two buckets of water from the same well are fungible (you can’t tell any difference between them).
But two buckets of water from two different wells may not be fungible because of qualitative differences such as hardness, taste, etc. Money is fungible; we cannot tell if the money the government spends on foreign aid came from my tax dollars or from yours. Things convertible into
money—goods, services, even biological species—acquire a kind of artificial or abstract fungibility, even though physically they are not at all fungible. This makes it easy to commit the fallacy of
misplaced concreteness (see Chapter 2).
9G. Schaeffer, Tuna Sells for Record $175,000, Associated Press International, January 5,
2001.
Chapter 12
Market Failures and Biotic Resources • 209
under a regime of imperfect property rights,10 but how confident are you
that private ownership of the bluefin would solve the problem? The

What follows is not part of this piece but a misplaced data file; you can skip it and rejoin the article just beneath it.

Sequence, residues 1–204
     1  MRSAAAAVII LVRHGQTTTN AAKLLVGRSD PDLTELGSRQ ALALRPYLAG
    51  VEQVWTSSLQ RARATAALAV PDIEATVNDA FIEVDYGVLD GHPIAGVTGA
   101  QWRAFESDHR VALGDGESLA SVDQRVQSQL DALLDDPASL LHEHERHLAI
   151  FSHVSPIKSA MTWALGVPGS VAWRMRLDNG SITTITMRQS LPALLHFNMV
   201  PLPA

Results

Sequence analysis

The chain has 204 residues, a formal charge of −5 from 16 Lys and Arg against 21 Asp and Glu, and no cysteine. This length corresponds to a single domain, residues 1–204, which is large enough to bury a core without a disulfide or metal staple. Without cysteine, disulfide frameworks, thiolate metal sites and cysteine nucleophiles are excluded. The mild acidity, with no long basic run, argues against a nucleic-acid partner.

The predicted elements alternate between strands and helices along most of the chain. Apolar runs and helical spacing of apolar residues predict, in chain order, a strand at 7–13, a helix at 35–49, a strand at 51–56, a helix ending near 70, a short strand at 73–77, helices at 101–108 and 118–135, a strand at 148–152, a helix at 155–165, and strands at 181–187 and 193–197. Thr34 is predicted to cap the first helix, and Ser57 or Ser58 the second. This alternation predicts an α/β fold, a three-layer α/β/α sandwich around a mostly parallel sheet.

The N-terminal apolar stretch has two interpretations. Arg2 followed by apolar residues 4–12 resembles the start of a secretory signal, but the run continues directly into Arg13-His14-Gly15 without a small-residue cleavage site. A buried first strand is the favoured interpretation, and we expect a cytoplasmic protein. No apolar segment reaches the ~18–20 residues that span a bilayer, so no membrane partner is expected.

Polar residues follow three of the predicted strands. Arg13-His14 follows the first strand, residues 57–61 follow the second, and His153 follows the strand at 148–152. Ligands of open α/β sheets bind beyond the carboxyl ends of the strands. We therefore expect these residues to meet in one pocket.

higher price means higher liquidation value, as well as higher future revenue, from new tuna.
How do we decide whether or not to harvest a (marginal) ton of fish
that if left in the water reproduces (giving us a flow of golden eggs) and if
harvested (giving us a cooked goose) yields interest on the profit?
The neoclassical approach is to ask: What are all the opportunity costs
of harvesting the fish today? Obviously, if we harvest the fish today, that
same ton of fish is not there to harvest tomorrow. Unlike oil or iron, however, we lose not only the opportunity to harvest that ton of fish, but also
the offspring those fish would have had, as well as the increase in biomass
they would have experienced, if left in the water. In addition, as the economy grows, people demand more fish, and growing human populations
further increase the demand for fish. Greater demand means a higher
price, and we lose that additional profit if we harvest today. Moreover, if
we leave the fish in the water, they will reproduce, and the greater population means that it will be cheaper and hence more profitable to catch a
ton of fish next period than this period.
In contrast, the benefit of catching the fish this period rather than next
is that the profits from their harvest can be invested; that is, the opportunity cost of not catching the fish is the money forgone from not being able
to invest the profits from that ton of fish between this period and the next.